Page:Jubilee Book of Cricket (Second edition, 1897).djvu/413

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391
KENT.

Hants cricket did not flourish, and in 1874 Mr Clement Booth, the old Rugby boy, endeavoured to bring Hants again to the front. He was unsuccessful, but in the early eighties a meeting was held at the George Hotel, Winchester, when the county was mapped out into districts, each district being given representatives on the Executive Committee.

From 1880 to 1885, Colonel Fellowes of the Royal Engineers was joint honorary secretary with Mr Russell Bencraft, and in February 1895 Colonel Fellowes issued the 'Hampshire Cricketers' Guide.' It was mainly, too, through the energy of Colonel Fellowes that a county ground, consisting of over eight acres of land, at Bannisters Park, Southampton, was secured. It was the property of Sir Edward Hulse, Bart., and was leased to the county club for twenty-eight years. Subsequently the Hampshire Cricket Ground Company was formed, and this Company bought the ground outright from Sir Edward Hulse for £5400.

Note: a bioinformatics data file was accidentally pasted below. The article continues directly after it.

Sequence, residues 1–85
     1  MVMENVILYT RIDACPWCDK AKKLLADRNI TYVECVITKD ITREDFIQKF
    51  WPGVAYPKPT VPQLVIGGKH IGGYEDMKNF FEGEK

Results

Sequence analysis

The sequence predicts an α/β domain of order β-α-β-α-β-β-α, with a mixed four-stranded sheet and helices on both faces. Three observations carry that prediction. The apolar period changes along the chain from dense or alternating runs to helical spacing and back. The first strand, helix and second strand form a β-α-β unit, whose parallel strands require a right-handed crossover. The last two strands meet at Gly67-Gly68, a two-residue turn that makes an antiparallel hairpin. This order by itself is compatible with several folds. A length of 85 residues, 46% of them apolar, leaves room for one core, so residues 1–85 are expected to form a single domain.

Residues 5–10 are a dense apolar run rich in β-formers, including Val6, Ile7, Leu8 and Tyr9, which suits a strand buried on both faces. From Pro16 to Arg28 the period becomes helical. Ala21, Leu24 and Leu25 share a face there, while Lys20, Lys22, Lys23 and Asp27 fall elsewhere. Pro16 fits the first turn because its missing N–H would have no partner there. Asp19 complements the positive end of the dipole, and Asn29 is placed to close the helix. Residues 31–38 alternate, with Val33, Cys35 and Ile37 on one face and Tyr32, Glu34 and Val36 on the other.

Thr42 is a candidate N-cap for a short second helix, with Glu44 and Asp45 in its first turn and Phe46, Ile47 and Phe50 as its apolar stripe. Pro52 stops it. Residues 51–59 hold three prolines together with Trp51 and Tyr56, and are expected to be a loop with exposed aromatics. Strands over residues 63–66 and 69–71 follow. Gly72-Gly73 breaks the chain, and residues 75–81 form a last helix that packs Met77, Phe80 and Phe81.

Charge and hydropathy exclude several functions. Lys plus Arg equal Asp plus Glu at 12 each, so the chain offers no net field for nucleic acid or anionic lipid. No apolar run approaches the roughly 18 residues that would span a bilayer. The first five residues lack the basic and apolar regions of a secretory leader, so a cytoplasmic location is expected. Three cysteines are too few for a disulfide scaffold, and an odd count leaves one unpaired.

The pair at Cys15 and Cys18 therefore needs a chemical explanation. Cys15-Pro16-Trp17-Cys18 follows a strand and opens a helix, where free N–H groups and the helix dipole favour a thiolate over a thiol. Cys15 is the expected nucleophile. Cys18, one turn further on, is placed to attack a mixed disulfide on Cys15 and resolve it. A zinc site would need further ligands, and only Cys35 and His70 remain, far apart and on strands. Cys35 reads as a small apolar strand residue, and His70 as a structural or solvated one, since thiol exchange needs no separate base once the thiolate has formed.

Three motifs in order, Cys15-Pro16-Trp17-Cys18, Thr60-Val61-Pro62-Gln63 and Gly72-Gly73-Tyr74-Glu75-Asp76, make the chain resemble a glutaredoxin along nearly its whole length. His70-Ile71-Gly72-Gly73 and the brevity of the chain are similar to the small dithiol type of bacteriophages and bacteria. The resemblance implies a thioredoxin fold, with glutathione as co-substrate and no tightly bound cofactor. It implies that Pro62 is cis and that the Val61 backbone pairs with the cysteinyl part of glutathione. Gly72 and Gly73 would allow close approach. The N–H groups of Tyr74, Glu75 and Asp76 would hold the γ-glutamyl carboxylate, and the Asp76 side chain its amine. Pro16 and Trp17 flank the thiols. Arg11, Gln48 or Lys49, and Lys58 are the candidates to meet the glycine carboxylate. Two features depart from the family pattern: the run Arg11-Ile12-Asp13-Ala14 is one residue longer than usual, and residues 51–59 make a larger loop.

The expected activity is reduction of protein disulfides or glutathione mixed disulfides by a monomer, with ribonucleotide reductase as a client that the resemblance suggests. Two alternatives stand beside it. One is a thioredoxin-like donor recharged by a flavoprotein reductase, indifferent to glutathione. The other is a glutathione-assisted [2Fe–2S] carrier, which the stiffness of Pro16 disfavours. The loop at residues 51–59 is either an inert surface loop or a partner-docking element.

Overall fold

At present Hants is heavily handicapped, owing to military duties depriving the county of the frequent service of Captain Wynyard, one of the finest bats in the South. In 1894 for Hants he played consecutive innings of 117 v. Sussex, 116 v. Leicestershire, and 108 v. Essex; and in recognition of this he was publicly presented with a handsome pair of silver candlesticks.

Dr Russell Bencraft, too, has worked most loyally, while the following players have, collectively and individually, endeavoured to Resuscitate and popularise Hampshire cricket—Captain Quinton, Mr F. Eden Lacey, Mr A. J. L. Hill, Mr C. Robson, Mr D. A. Steele, H. Baldwin, V. Barton, E. Light, T. Soar, the late H. F. Ward, and J. Wootton. The President is Lord Aberdare; the Hon. Secretary Dr Russell Bencraft.


KENT.


In the "Garden of England," the greatest of all our outdoor games has flourished from the period of the earliest records of cricket. In the Life of the Rev. Thomas Wilson, published anonymously in 1672, it is stated: "Maidstone was formerly a very prophane town, inasmuch that before 1640 I have seen morrice dancing, cudgel playing, stoolball, crickets, and many other sports openly and publickly on the Lord's Day." The 'Postman' for July 24, 1705, mentions, "This is to give notice that a match, will be plaid between eleven Gentlemen of the